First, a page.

Not every wagon stroller or double stroller can hangle all terrain
Wagons are commonly recommended because they’re claimed to be easier to push and drive on all terrains. I recently read a review of someone who complained their wagon didn’t ride on the sandy beach – of course, it won’t, it’s not an ATV.
Not to mention, if you load an already heavy wagon with multiple kids, cooler and other stuff, you’ll be pushing a huge amount of weight which isn’t easy even on the flat surface.
Quite frankly, it’s much easier to push a double stroller like BOB than any stroller wagon. My wagon rides on all-terrain vs my Zoe double stroller does not, but if I compared a Radio Flyer stroller wagon to any stroller with big wheels it will naturally perform terribly.
Safety features: is stroller wagon safe?
There are many kids’ wagons and stroller wagons on the market, and many have no straps. Get yourself one with a strap for sure.
While most wagons say they’re suitable for 6 months plus, just like the stroller seat, it’s not entirely true. Even buckled in I just don’t feel like there is enough support for a child. In fact, my 10 month old who has been sitting independently unsupported for months now lost control recently and smacked his head into the snack track on my wagon recently.
Comfort of the kiddos
One of the top arguments in favor of stroller wagons is that kids can self-board it. It’s true for some because they might have a zip-door or folding entryway, I’m yet to see any toddler having issues self-boarding a regular stroller as well.
While I enjoy my own wagon, I must say that my toddler has more issues getting into it than he has when it comes to getting into the double stroller. He can still do it though, but he’s basically as high as 4 year old so I guess a standard size 2-year-old wouldn’t be able to do get into the wagon unassisted.
It’s definitely hard to keep an eye on kiddos in a wagon, so it’s more likely kiddos will poke each other, throw things out, or rummage through all the snacks. Even when one is a baby, trust me.
Lenght of use
Both strollers and wagon strollers can last throughout toddlerhood. Strollers usually last from the newborn stage to 3.5 years, then seats become small and less comfortable. Many kids are not interested in sitting in a stroller – my own child hated the stroller even under 2 years of age and would only accept a tricycle, but he still needed something when he had done enough walking.
Wagons can last from 12 months to 5 years so technically they can be used longer. However, at this age, most parents transfer their stuff in it at this point. I personally wouldn’t want to encourage my 5 year old to ride in a wagon instead of walking or using a bicycle.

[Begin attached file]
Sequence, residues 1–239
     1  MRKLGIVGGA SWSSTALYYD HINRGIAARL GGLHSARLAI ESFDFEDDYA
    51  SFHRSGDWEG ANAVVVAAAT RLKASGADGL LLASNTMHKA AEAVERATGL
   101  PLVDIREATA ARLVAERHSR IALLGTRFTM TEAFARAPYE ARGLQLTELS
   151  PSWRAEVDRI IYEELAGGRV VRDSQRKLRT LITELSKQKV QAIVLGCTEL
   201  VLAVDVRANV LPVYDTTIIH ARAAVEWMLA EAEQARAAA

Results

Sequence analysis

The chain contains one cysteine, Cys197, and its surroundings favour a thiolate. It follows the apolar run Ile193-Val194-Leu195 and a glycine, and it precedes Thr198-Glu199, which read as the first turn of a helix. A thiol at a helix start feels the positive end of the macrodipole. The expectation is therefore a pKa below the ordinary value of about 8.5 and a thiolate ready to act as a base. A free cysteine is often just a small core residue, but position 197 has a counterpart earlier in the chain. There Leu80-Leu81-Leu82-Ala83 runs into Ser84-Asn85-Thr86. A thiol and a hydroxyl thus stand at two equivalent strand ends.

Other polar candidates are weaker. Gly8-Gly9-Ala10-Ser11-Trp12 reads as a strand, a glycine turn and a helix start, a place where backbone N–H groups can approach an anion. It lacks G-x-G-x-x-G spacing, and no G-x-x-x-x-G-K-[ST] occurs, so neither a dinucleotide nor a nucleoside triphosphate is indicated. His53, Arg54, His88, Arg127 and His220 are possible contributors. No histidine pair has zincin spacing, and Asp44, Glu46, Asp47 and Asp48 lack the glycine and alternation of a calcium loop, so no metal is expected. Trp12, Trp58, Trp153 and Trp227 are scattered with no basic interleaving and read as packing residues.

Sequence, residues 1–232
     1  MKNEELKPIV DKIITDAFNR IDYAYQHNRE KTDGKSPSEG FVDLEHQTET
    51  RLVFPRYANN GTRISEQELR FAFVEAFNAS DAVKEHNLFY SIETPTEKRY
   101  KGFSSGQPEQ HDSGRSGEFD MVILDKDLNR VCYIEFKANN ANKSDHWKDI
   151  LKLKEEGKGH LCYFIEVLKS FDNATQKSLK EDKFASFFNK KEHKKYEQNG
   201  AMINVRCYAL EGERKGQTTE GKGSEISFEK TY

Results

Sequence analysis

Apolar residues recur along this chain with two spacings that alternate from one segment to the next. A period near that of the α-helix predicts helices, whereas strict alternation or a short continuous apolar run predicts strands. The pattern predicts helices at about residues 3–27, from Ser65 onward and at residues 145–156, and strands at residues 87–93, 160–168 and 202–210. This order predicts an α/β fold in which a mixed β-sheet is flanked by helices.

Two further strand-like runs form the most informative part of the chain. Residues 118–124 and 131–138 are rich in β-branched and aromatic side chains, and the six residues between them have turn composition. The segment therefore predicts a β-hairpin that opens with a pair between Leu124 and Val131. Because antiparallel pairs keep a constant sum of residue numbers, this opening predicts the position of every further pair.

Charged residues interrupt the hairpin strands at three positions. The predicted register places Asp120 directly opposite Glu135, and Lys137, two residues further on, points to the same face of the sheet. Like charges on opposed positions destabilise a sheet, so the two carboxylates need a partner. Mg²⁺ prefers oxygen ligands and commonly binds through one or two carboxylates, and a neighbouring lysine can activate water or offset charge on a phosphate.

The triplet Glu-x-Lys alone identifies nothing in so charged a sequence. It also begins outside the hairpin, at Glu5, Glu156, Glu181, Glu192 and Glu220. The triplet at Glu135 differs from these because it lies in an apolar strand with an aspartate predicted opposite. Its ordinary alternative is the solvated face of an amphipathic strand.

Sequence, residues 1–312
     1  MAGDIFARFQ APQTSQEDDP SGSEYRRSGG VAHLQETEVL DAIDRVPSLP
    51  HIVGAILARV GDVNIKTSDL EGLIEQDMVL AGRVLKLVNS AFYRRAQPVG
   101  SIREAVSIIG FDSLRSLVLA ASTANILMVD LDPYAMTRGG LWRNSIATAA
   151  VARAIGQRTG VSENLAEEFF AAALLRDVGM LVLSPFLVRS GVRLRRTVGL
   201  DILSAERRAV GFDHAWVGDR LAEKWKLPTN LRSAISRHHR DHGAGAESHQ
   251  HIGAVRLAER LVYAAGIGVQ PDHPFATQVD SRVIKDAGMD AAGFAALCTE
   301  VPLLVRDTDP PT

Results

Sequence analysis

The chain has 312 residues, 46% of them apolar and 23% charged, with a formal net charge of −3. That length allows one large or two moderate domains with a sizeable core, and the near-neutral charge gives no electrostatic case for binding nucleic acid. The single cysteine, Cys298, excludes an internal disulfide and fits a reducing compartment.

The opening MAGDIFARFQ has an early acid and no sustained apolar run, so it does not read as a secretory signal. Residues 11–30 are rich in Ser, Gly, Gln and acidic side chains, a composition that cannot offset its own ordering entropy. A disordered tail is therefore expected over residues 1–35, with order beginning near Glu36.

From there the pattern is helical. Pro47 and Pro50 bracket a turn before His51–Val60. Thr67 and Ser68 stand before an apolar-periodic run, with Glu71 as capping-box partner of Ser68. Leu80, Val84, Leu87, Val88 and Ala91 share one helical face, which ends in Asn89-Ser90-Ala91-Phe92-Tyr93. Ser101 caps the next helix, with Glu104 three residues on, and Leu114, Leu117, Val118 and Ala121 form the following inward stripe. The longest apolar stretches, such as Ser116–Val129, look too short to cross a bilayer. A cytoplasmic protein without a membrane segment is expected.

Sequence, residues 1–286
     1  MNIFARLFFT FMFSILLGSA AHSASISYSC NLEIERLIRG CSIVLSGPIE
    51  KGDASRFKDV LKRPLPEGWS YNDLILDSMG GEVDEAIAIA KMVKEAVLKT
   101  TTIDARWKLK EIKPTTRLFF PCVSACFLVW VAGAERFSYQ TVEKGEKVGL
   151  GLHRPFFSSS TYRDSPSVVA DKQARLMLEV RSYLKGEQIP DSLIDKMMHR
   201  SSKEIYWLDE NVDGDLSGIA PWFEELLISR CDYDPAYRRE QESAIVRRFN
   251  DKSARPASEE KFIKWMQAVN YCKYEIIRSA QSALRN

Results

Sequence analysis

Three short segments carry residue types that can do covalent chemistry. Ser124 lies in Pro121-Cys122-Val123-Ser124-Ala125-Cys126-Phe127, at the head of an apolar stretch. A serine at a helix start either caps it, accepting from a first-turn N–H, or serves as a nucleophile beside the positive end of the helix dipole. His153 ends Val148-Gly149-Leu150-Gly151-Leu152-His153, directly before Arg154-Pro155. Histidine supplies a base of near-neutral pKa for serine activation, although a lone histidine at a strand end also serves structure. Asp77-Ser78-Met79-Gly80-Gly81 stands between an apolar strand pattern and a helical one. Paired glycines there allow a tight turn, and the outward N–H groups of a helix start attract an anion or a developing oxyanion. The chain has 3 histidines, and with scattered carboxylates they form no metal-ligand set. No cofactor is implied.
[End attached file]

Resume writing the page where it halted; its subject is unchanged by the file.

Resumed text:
Stroller wagons are acclaimed for storage. If you head to a park (well, unless it’s Disney as stroller wagons are banned from Disney World parks) you’ll see families dragging their giant coolers and toys on top of a wagon. The thing is… it’s not entirely true.
If you look at any wagon carefully you’ll realize there’s not much storage if two kids are sitting in it! Some have an extra basket, but they’re fairly small. In a double stroller, there’s normally a space underneath but most wagons just have small pockets.
Alternatives to Double Stroller or Stroller Wagon
I’ll be very real: the vast majority of my European friends don’t have either unless they have twins. Most parents use two separate strollers for two kids because any other option isn’t very practical.
It’s basically one parents = one kid on a stroller. What if you’re a stay-at-home mom, or lucky to get long maternity leave?
Usually with 2 kids, baby starts in our single stroller, and then when my toddler gets tired, you put the baby in a carrier and the toddler gets in the stroller. But, wearing one kid while pushing another isn’t always easy, especially when we’re walking on hills so I don’t see it as a solution for longer trips and this option is not for everyone.
Another option is to teach your toddler how to ride something before the sibling is born. Various parents opt for a scooter or balance bike, as those two provide entertainment and a spot to rest. Plus, it will give your toddler a head start in terms of balancing skills.
Wagons are good if you mostly drive somewhere, then walk around. If you take public transit or are out long enough that kids needs a nap, a stroller is probably the answer.